Of all the filmmakers profiled in this series, Leo McCarey may be the most overlooked, and the most devout. Born in 1896 and raised a Catholic, he attended St. Joseph's Catholic School in Los Angeles and remained a practicing Catholic until his 1969 death.
He was also a giant in his day. His films were financial and critical successes; many—like An Affair to Remember and The Bells of St. Mary's—have remained household names. McCarey worked on nearly 200 movies across 40 years, primarily comedies. He was the first director (and is one of only seven) to have won Oscars for Best Picture, Best Director, and Best Screenplay in the same year. Jean Renoir said McCarey "understands people better perhaps than anyone else in Hollywood."
Prior to entering filmmaking, McCarey first tried to be a middleweight boxer (his father was an Irish-Catholic promoter), then tried investing in copper mining, and then was a working criminal defense attorney, pursing law under pressure from his father. He would later claim that he never won a case and that his last defendant chased him out of court and down the street after losing. He also tried his hand at songwriting, writing hundreds of songs, none of which were popular—a major frustration in his life.
Switching to filmmaking, he worked at the Hal Roach studio in the '20s, cutting his teeth writing gags for the Our Gang (Little Rascals) series that many of us grew up on via television, and then he started directing shorts. He paired two comedians for the first time, Stan Laurel and Oliver Hardy, thus making film history less than a decade after he began. He wrote and directed many of their shorts and by 1929, was VP of production for the studio.
He would often sit at the piano in the morning, play ragtime, and concoct improvised scenes to shoot. This musical approach continued throughout the rest of his career, and he included musical scenes in nearly all of his films without any of them being labeled a musical. Musicals often stop the progress of the plot for their numbers, but McCarey's films brilliantly forwarded the plot with the musical number: they were not digressions, but progressions; not interludes, but integral parts of the story he was telling.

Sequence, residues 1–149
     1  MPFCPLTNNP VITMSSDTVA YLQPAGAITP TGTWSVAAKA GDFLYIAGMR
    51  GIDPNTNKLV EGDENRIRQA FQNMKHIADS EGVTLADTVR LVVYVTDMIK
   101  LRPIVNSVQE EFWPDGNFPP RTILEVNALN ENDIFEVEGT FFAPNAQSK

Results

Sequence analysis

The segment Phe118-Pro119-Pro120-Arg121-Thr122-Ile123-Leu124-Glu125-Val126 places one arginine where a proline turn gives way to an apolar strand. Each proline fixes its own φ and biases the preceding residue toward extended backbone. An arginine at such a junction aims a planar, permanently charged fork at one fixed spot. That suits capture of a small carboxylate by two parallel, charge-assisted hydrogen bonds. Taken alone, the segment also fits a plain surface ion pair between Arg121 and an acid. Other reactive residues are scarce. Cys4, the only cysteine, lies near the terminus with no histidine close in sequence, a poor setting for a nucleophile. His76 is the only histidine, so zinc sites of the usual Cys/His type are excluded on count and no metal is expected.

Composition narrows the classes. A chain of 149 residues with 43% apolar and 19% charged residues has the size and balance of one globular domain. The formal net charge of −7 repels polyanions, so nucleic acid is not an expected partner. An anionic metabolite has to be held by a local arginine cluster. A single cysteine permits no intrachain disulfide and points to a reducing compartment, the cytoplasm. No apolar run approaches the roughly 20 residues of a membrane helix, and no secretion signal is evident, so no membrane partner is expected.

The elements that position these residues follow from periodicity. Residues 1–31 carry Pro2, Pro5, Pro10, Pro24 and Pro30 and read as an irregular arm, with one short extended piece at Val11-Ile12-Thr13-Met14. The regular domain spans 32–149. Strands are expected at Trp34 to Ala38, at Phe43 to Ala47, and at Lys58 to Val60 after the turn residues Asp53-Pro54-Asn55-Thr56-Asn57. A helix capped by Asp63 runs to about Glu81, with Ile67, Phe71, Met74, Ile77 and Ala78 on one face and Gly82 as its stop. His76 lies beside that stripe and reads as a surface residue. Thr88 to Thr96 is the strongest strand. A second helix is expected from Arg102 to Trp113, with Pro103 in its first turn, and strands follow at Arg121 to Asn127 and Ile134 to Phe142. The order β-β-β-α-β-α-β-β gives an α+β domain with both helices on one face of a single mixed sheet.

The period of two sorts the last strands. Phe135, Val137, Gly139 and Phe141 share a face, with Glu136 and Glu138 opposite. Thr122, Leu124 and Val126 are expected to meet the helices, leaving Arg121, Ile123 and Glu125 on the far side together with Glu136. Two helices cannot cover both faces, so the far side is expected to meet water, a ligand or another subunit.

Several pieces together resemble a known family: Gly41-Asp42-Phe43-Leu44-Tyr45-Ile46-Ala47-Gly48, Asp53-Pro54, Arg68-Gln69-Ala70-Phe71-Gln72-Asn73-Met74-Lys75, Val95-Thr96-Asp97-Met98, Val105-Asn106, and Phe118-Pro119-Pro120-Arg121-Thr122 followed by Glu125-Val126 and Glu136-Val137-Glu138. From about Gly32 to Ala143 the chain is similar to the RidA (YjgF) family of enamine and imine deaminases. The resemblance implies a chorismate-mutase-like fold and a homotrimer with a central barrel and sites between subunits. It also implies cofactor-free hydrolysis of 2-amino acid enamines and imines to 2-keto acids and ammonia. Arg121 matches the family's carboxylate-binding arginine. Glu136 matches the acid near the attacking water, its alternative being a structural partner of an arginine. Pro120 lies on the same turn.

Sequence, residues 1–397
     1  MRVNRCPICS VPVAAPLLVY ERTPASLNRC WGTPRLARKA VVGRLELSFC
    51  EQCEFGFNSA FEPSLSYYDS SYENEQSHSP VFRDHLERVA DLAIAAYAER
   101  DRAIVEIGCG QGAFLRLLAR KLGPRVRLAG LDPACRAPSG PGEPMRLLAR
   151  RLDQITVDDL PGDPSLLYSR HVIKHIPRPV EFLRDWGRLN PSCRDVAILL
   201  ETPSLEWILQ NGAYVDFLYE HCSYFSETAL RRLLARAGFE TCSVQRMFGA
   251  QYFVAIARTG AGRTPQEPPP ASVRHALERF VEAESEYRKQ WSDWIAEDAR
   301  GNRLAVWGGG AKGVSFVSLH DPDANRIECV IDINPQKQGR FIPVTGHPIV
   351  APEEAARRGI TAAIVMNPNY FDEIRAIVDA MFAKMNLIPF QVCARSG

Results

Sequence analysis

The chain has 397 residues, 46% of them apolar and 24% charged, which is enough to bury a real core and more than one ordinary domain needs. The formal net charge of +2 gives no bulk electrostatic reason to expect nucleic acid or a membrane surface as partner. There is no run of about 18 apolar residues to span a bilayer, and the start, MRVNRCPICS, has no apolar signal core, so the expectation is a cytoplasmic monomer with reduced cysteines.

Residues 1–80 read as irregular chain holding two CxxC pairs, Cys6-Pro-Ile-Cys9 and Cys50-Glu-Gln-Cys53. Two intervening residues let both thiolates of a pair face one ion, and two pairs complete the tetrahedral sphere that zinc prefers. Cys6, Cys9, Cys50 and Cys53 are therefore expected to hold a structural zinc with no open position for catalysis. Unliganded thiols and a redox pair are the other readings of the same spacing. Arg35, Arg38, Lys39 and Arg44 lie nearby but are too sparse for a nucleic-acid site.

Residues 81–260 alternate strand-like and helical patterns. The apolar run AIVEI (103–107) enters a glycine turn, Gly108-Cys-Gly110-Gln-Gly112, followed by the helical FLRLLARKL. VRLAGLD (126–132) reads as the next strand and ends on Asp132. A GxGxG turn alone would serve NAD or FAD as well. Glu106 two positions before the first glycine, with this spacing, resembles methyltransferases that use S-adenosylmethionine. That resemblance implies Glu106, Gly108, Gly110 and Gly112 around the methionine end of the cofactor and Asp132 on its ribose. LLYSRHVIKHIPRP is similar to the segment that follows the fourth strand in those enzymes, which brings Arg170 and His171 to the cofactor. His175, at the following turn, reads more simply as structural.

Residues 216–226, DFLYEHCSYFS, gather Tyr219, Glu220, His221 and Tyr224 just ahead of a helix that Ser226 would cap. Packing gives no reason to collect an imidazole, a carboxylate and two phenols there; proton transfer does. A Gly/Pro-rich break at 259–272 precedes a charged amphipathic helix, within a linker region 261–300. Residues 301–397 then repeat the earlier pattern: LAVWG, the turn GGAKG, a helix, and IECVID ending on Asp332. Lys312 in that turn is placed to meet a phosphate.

With the advent of sound, he would branch out and work with many stars, focusing on his strengths and his loves, primarily comedy and music. His string of hits in the '30s is hard to believe: he directed Gloria Swanson in Indiscreet in 1931, Eddy Cantor in The Kid from Spain in 1932, the Marx Brothers in Duck Soup in 1933, W.C. Fields, George Burns and Gracie Allen in Six of a Kind in 1934, Mae West in Belle of the Nineties in 1934, Charles Laughton in Ruggles of Red Gap in 1935, Harold Lloyd in The Milky Way in 1936, and capped it all with one of the first screwball comedies and one of Cary Grant's first films in his now-classic persona, modeled partly on McCarey himself, The Awful Truth in 1937. Though McCarey would take home an Oscar for Best Director for his work on this film, he always held a grudge against Grant for stealing his persona for that film and his subsequent career of mega-stardom. This is ironic because McCarey often put autobiographical allusions into nearly all of his films.
As to his approach, McCarey told an interviewer, "I love when people laugh, I love when they cry, I like a story to say something, and I hope the audience feels happier leaving the theatre than when it came in."
On his success: "I don't know what my formula is. I only know I like my characters to walk in clouds. I like a little bit of the fairy tale. Let others photograph the ugliness of the world. I don't want to distress people." Many of his films center on teaching scenes—one person teaches another to sing, to box, to drum, to speak on the radio—but they always feature a teacher with compassion, who forgives his student for their gaffes, forgives them their sins, as McCarey's had been for his own many failures before learning where his place in this world was to be.
He also valued quiet moments in his films, especially at the end—such as The Awful Truth or Going My Way, comedies that end peacefully, with a still, small silence. Instead of ending with a bang, McCarey's comedies end with a whisper … and we remember them. The use of silence in his endings has been compared to that of Robert Bresson. McCarey is not in the same league, but has a similar effect on his viewers in the contrast, the chiaroscuro, between the active, sometimes raucous, musical numbers and the quiet, contemplative endings.